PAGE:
I Am a Cyclist


Cyclist CollageLanguage is important. Words are important. We need to refer to things with labels, and in labeling things we often pack a lot of meaning into a single word. One of these loaded words is “cyclist”.

A recent article in Gizmodo, of all places, discusses how using the word “cyclist” is dangerous and how saying “people on bikes” could be safer — safer as in improving the physical safety of people. The central argument of the the piece is that the word “cyclist” brings to mind a certain stereotype: lycra-wearing, speed-racing, law-breaking, expensive bikes and gear, hyper-competitive people. And the author, someone who rides a city bike in everyday clothes at a casual pace, feels that since she doesn’t fit the “cyclist” stereotype, she shouldn’t be referred to as a cyclist. The safety aspect comes up with a bit of sociological analysis: some people believe that using the term “cyclist” dehumanizes the person riding a bike, and as a result “others” (by which they mean motorists) don’t treat the cyclist with the same care and consideration that a person would normally receive. The suggestion by Los Angeles County Bicycle Coalition is “people on bikes”, or “people who ride bikes”. The suggestion is that by putting “people” first, then “others” will think of the person and not the stereotype.

The Bike Pittsburgh organization has mounted a public-awareness campaign with the same idea, without being as forthright about avoiding the term “cyclist”. Much like the Worksafe BC Slow Down campaign (“Slow Down Our mommy works here”), BIKEPGH’s campaign includes powerful posters with “humanizing” messages and photos of people: “Nurse. Mother. Rides a bike.” “Student. Adventurer. Rides a bike.”

Vancouver’s Chris Bruntlett wrote a similar article for Hush Magazine. His article “I Am Not A Cyclist” expresses the same sentiment as the Gizmodo piece: because his behaviour, gear, and look doesn’t match the “cyclist” stereotype, he doesn’t feel that “cyclist” applies to him. In fact, Chris says in the first paragraph of his essay that he despises being referred to as a cyclist.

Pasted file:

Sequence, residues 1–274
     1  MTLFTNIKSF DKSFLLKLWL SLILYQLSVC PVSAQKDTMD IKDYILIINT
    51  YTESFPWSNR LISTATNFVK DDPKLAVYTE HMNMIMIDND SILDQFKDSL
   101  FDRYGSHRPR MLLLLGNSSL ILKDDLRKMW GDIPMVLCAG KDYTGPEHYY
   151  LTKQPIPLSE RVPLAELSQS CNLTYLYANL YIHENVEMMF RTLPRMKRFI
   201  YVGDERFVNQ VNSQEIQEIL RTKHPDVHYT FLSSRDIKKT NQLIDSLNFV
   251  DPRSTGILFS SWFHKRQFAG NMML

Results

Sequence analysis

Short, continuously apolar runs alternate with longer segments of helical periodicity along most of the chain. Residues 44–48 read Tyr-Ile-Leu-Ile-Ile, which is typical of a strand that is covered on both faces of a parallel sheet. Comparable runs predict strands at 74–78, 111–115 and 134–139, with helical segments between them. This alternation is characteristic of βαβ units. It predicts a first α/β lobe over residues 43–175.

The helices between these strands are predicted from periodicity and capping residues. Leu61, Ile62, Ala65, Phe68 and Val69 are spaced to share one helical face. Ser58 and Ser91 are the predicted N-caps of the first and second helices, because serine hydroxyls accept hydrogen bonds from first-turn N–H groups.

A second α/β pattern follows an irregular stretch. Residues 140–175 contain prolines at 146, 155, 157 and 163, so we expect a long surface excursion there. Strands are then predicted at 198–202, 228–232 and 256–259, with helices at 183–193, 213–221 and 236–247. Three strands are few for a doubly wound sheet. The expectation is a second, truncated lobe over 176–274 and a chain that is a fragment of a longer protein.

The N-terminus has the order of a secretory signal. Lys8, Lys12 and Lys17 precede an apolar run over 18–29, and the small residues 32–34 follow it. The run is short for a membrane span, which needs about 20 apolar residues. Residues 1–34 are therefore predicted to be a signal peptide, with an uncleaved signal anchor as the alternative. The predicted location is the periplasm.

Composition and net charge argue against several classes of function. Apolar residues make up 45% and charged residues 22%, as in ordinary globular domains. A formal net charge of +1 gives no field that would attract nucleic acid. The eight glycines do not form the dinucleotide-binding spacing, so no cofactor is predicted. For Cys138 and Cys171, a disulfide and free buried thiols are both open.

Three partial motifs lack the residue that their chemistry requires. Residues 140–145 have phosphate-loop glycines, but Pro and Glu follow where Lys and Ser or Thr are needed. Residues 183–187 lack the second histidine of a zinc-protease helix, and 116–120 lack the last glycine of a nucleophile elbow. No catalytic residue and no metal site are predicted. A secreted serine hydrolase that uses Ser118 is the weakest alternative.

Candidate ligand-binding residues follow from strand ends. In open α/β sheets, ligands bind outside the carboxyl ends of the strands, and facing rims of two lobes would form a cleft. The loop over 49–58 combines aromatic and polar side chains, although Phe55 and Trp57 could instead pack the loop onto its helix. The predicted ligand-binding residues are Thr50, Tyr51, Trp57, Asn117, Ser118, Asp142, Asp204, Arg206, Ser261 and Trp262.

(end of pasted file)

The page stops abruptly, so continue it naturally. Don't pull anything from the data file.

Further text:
Don’t get me wrong, I’m sympathetic to these ideas. It’s easy to put labels on people, and once you label someone, it’s easy to project stereotypes on them. And in doing so, the person beneath the label gets hidden, removed from the thought process.

But, let’s consider the word cyclist in the Oxford dictionary:

cyclist: n. a person who rides a bicycle

That’s pretty straightforward, pretty unambiguous. It doesn’t say anything about the type of bike, the type of gear, the style of riding. It doesn’t say anything about the person riding the bike, their motivations, their story. It’s just a clear noun to describe a person who rides a bicycle.

My objection to disowning this term is that in disowning it, the very stereotypes and dehumanization that are trying to be avoided are being perpetuated instead. Those people on bikes who don’t want to be called cyclists because they don’t like being associated with certain perceptions are reinforcing the stereotype. Instead of normalizing the word
“cyclist” and instead of broadening the types of people who are thought about when the term “cyclist” is used, a number of problems result: They themselves are dehumanizing those cyclists that do fit the stereotype. They are introducing an “us vs them” attitude amongst cyclists. They bring confusion to the public who aren’t really that concerned about semantics, who think “there’s a cyclist” when they see a person on a bike.

Anyone riding a bike is a person. They are somebody’s daughter or son. They might be someone’s mother or father. They might be your doctor, your teacher, your food server, or a bike courier. They might be dressed in lycra. They might be dressed in tweed. They might be riding an upright city bike or they might be hunched over aerobars. They’re all cyclists, and deserve to be thought about as … people.